Attempts at finding a quantum theory of gravity should be compared with the gestation of general relativity: between 1905 and 1915, Einstein constructed his theory on the basis of pure thought, endeavouring to find a mathematical framework in which physically observable quantities could be identified while reconciling the principle of relativity with gravitation.

At the time, general relativity was viewed as a triumph of human intellect based on esoteric mathematics that very few people could understand and with little to say directly about the physical world, apart from predicting a minute bending of starlight near the surface of the sun and very tiny corrections to the orbital motion of Mercury. Today, however, technology has advanced to the point that the Global Positioning System relies on general relativity: our navigation systems would break down within a matter of hours if gravitational time dilation were not taken into account in determining the relative position of satellites.

General relativity has been transformed from an intellectual exercise to a hard-core, everyday phenomenological theory and there is no reason to suppose that this should not be the case for string theory, or any other theory that ultimately succeeds in describing quantum gravity.

The problem of quantum gravity is simply much harder than anything we have encountered before.

Because we have not yet solved the problems of mathematical consistency, we are not yet able to formulate a falsifiable hypothesis.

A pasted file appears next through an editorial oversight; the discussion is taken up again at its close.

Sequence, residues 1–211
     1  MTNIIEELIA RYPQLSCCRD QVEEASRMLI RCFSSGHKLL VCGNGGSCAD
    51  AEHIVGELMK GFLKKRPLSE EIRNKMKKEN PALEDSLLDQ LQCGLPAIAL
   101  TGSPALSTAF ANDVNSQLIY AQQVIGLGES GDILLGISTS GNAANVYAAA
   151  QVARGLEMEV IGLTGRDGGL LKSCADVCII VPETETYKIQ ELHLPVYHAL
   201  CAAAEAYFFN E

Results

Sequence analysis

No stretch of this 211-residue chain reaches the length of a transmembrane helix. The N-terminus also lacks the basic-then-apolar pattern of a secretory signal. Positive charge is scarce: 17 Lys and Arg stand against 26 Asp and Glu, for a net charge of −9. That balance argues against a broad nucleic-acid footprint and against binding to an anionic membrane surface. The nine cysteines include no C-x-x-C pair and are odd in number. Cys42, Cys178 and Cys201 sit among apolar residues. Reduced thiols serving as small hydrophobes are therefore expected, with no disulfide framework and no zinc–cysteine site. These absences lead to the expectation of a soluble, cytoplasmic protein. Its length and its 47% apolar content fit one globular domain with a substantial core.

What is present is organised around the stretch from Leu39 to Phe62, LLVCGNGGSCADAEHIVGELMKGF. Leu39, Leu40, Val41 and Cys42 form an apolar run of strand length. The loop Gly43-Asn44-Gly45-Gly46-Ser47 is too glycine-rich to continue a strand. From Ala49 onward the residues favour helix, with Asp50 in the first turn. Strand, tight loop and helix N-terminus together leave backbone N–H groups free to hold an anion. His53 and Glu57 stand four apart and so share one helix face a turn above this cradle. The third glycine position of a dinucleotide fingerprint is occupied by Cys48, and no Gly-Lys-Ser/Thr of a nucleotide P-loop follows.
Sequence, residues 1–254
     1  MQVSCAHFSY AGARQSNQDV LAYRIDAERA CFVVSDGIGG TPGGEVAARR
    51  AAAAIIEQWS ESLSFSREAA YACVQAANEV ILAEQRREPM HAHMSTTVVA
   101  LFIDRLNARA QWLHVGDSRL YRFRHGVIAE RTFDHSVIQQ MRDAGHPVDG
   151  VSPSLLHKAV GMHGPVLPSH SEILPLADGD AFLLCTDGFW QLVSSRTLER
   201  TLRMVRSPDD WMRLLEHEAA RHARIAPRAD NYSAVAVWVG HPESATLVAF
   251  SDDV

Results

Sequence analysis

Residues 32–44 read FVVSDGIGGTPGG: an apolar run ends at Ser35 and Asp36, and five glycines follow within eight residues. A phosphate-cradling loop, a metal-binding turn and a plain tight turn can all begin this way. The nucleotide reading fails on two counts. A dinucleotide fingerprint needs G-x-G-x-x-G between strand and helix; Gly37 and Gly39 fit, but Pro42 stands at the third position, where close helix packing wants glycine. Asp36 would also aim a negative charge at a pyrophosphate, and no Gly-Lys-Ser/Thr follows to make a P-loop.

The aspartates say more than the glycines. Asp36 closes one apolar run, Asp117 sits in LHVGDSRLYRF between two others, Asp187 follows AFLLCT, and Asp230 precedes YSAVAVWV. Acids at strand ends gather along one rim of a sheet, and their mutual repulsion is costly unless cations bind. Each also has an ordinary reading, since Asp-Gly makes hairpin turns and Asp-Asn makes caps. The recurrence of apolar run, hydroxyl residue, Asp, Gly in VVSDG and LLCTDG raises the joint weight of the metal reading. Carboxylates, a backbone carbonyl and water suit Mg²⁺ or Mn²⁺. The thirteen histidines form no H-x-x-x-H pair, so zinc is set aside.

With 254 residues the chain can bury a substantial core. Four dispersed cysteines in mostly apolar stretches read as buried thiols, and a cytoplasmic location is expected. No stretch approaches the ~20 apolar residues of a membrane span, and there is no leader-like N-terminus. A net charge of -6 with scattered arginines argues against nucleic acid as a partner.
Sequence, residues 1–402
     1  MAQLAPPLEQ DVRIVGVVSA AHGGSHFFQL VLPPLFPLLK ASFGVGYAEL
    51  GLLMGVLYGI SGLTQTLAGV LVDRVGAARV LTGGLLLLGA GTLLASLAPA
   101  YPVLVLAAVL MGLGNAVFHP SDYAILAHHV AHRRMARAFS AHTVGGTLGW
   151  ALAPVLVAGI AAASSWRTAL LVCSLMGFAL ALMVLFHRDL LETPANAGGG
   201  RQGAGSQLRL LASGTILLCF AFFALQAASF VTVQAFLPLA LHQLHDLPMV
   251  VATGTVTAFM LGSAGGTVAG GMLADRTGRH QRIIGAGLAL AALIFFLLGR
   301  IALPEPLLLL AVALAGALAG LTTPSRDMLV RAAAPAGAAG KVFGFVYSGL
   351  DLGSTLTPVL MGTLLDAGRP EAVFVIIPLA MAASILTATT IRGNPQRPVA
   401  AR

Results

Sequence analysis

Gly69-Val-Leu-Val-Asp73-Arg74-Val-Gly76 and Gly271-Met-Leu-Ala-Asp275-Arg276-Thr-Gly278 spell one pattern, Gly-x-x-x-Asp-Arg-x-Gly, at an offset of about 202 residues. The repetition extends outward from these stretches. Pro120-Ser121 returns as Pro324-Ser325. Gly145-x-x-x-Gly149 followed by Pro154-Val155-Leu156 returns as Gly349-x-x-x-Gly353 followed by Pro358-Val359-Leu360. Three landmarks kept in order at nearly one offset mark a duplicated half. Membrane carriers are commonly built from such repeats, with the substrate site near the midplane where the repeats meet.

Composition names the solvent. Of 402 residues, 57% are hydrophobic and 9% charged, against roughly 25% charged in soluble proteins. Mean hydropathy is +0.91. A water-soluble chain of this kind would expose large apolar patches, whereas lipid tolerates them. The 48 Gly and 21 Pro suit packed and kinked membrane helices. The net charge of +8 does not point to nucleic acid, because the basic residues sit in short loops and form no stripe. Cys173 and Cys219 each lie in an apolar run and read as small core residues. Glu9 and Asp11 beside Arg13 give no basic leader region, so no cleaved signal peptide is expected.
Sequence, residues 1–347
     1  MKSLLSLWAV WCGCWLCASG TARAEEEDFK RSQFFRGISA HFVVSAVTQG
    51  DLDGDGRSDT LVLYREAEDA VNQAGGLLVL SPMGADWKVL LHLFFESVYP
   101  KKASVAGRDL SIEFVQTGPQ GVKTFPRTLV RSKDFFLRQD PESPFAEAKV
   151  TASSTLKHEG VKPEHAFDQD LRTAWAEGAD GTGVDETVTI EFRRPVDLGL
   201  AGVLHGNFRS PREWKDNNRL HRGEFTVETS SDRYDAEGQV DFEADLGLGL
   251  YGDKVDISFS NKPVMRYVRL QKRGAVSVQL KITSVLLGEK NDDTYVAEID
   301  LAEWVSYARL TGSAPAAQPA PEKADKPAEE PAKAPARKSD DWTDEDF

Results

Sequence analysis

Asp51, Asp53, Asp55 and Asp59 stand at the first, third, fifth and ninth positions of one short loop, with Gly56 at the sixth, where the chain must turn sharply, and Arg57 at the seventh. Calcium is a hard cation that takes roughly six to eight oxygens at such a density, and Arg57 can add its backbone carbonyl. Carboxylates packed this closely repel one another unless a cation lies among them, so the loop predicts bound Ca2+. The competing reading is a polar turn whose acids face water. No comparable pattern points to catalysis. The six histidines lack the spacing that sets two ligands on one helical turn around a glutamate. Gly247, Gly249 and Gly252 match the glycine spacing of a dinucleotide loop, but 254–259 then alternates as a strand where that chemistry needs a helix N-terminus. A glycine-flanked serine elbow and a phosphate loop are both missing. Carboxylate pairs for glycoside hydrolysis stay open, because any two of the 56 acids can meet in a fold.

String theory, which is only a candidate, is itself still in fundamental flux. Most recently it has been realised that string theories which were previously thought to be distinct can be related to each other and should be thought of as part of a more fundamental theory ("M-theory" or "mystery theory") in which not only strings but other extended objects, such as membranes, enter on an equal footing.

The fact that it has taken so long to make progress in quantum gravity - at least 40 years if we go back to P.A.M. Dirac's original work - without yet arriving at a testable hypothesis, does not mean that the matter is unanswerable as Horgan implies.

There was more than two centuries between Newton's theory of mechanics and Einstein's relativity theory which radically modified it.

Science has progressed at a stupendous rate in the past century because more people have been working on it than ever before. But we should be careful about declaring that certain questions are unanswerable simply because of the impatience that such rapid progress engenders.

Brave souls will work on quantum gravity because of the intellectual thrill, despite the knowledge that a fully fledged theory may not be achieved in our lifetime.

There is good reason to believe, however, that answers to some presently unanswerable questions may not be that distant. The reason is that cosmology, which for much of this century lacked empirical data and was accorded the disdain inherent in Horgan's term "ironic science", is finally becoming a hard-core empirical science. Due to technological advances, we can now measure previously unmeasurable cosmological quantities.

The Hubble constant, which determines the present rate of expansion of the universe, will soon be known to within 10 per cent, as opposed to within a factor of two.